The US benefits a lot from simply being big. On some level success is simply about biomass - you need the largest number of brains you can, sitting around thinking about stuff.
Fixed, thank you.
When we're unformed voters, then who we vote for and what policies end up getting enacted to not serve our best interests.
While this at first may not seem like much, it's a key butterfly effect for many of the other problems we have today. It's not the whole picture, but the root of a larger picture.
(I don't know. But it has to be asked)
The answer is that 1875-1920 looks an awful lot like 1975-2020.
(We might have recently passed Belle Epoch-levels of inequality - not sure this is an accomplishment we should brag about)
Its worth noting that large scale disasters (of all sorts) were always great equalizers, a countervailing force to rising inequality. In general, the more you had to lose, the more you lost.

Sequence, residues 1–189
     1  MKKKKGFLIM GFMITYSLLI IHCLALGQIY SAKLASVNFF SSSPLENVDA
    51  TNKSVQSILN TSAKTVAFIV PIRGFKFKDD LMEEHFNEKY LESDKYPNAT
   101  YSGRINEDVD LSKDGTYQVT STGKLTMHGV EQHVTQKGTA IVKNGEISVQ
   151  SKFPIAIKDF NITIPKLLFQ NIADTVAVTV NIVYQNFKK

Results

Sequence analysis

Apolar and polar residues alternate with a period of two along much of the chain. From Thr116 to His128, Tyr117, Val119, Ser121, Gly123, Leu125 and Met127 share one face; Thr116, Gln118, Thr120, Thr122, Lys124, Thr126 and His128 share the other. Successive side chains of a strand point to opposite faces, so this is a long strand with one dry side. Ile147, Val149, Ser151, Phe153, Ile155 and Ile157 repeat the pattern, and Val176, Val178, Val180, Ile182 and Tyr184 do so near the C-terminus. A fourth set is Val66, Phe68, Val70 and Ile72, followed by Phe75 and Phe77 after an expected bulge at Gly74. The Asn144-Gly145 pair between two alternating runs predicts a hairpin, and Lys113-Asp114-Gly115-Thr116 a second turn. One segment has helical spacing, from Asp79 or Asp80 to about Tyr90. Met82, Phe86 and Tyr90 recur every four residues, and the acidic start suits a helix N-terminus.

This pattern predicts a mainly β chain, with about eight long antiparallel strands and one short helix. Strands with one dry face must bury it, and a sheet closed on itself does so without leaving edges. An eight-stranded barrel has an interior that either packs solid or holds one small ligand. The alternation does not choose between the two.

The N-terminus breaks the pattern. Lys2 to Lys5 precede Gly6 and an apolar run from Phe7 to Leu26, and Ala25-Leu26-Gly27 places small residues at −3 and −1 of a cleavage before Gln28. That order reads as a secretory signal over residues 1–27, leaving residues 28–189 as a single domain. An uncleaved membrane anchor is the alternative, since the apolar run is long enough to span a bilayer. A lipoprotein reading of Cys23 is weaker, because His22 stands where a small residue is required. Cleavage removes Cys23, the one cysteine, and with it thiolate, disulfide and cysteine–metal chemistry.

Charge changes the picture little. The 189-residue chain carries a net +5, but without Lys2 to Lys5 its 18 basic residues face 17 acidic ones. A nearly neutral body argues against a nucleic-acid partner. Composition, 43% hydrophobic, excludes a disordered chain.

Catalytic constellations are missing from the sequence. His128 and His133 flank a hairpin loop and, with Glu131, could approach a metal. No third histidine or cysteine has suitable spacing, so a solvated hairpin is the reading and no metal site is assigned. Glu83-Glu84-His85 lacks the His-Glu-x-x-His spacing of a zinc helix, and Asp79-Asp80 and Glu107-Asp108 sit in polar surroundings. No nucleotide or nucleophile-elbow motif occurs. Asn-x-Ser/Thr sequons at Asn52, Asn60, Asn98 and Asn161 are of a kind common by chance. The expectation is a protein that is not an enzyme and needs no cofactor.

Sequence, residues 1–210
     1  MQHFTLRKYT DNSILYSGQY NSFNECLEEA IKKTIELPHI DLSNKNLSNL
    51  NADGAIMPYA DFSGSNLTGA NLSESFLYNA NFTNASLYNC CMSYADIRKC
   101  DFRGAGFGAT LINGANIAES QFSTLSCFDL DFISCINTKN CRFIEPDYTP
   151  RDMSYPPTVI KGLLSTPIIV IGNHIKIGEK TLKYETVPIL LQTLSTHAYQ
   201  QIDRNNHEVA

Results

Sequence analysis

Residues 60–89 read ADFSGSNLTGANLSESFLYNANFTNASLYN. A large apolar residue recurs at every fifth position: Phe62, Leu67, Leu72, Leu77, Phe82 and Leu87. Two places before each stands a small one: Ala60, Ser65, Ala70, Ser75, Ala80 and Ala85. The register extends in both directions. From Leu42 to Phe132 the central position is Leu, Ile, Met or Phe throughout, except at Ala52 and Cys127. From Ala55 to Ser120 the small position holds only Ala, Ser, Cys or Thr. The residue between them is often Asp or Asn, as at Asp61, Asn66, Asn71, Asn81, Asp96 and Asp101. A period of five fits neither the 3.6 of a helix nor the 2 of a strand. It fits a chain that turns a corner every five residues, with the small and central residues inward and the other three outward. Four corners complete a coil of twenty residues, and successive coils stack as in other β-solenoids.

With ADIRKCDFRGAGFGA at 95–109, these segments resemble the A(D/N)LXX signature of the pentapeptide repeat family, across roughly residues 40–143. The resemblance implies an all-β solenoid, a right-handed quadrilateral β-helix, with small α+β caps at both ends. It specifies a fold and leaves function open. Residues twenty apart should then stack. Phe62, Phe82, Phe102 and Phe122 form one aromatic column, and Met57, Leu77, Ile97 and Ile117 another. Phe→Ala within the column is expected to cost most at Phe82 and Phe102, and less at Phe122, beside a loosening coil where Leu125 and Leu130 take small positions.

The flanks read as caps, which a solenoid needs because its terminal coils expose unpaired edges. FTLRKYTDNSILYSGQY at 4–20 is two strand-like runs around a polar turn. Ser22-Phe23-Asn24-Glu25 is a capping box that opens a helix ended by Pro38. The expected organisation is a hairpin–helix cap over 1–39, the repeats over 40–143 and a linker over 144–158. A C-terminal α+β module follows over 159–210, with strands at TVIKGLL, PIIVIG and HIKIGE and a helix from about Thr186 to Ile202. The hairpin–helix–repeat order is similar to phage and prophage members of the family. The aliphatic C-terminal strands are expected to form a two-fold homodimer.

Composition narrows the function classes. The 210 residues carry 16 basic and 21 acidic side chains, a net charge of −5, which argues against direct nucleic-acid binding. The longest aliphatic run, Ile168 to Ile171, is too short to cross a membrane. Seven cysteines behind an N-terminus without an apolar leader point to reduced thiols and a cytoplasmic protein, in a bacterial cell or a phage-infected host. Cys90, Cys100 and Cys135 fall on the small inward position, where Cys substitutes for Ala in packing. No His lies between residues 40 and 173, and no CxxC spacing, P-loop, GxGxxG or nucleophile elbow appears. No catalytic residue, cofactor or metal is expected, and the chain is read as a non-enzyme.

We've been getting better at preventing or coping with a lot of these things like plagues, famines, and so on, but we've become even better at insulating accumulated wealth from being destroyed by them (including by financial crises), by privatizing gains and socializing losses.
I have a feeling that we've entered a new period of larger scale social unrest and natural disasters which may or may not significantly destroy and/or redistribute wealth to level the playing field again somewhat.
* again, not aruging for or against the correlation. Just pointing out that it is hardly laughable.
And another good trick used is showing exponential growth on a linear scale and managing the time domain to make 1971 look like an inflection point.
This doctrine of irresponsibility was gobbled up by businesses. It gave them (us) permission to switch from the post-WW2 cooperative way of doing business to an extractive model: get the most you can from workers, suppliers, host communities and other stakeholders without shares. Externalize all the costs you can get away with fobbing off on others.